Rajshahi, Bangladesh, Mar 11, 2017 / 06:08 am (CNA/EWTN News).- A man acting as a guard outside a Catholic church in Bangladesh was injured in a knife attack on Friday. Local authorities attribute it to a private feud, and not terrorism. According to local reports, Gilbert Costa, 65, was guarding Saint Rita parish in the Chatmohar upazila of the Pabna district, about 55 miles southeast of Rajshahi, when he was attacked in the early hours of March 10 by several young men from his village wielding knives.
“He was hacked randomly by sharp knives and was left severely injured. He was shifted to a hospital where his condition is now stable,” local police chief Ahsan Habib told AFP. Officials have ruled out a link to Islamic terrorism, and have said that the attack was motivated by “personal enmity.”
“Costa and his relatives have identified the attackers with whom they had personal feud in the village. We have found no extremist connection whatsoever,” Habib told AFP. Three young men from Costa's village have been arrested in connection with the attack.
Christians have suffered numerous attacks in the country, where they make up approximately 0.2 percent of the population in the Muslim-majority nation. While the country has a history of violence against Christians, violence has spiked in the wake of the rise of extreme Islamic terrorism.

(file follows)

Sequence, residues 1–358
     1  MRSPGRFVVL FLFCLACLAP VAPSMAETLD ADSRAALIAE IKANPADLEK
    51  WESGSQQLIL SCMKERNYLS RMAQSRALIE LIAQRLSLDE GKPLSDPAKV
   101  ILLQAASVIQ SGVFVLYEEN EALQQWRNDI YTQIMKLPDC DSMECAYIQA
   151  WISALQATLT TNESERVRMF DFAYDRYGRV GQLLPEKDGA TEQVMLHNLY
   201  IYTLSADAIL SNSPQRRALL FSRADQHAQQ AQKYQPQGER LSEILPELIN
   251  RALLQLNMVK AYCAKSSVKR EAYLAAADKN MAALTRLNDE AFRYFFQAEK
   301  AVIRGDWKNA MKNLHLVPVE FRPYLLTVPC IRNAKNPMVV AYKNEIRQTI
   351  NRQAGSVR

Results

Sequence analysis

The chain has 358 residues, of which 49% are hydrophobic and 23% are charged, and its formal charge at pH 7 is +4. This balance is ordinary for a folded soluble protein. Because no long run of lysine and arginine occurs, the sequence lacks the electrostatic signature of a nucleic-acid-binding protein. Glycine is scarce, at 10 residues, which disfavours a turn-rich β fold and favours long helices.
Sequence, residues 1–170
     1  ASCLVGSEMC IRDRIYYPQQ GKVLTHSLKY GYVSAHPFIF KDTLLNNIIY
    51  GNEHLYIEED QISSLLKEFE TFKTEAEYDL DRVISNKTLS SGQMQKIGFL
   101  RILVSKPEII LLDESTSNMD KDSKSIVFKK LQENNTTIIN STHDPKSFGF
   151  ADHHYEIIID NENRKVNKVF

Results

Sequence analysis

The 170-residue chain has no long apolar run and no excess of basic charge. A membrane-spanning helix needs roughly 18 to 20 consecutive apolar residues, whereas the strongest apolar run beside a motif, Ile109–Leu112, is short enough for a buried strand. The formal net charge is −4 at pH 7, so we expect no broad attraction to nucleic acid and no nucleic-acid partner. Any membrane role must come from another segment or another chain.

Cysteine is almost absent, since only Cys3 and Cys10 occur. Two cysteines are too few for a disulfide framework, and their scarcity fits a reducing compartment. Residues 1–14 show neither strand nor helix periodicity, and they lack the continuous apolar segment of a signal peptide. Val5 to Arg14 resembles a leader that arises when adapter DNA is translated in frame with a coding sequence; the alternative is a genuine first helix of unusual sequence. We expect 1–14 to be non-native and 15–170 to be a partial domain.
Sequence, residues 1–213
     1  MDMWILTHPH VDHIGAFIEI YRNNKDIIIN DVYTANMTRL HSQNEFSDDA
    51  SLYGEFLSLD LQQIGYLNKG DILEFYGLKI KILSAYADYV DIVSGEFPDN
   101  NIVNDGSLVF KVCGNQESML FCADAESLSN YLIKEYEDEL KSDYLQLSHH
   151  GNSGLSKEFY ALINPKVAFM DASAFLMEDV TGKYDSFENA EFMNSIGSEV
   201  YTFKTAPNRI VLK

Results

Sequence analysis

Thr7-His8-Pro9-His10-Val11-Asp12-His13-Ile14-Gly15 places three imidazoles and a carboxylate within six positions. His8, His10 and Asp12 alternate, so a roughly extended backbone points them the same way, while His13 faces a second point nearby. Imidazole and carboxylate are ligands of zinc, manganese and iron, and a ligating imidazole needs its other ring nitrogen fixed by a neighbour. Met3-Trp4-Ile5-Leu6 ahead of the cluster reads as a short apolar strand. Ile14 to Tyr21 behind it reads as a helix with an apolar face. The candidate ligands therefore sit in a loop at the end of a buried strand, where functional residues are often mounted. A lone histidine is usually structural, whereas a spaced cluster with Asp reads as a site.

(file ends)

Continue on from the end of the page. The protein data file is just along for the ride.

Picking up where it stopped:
In November 2015, an Italian missionary priest working at a hospital in Bangladesh, was shot and critically injured an attack claimed by the Islamic State. In summer 2016, several attacks left dozens dead, including a Catholic man coming home from Sunday prayers in June and 28 people who died in a hostage situation in July.
Pope Francis recently met with families of the victims of the 2016 hostage scenario, most of whom were foreigners from Italy and Japan. During his visit with the families, he offered his prayers and encouraged forgiveness. “It's easy to take the road from love that leads to hatred, while it is difficult to do the opposite: from bitterness and hatred to go towards love,” he said. Despite the persecution, the Catholic population in Bangladesh is reportedly on the rise. In 2015, Pope Francis established a new diocese in the south-central region of the country, due to an increase of Catholics in the region.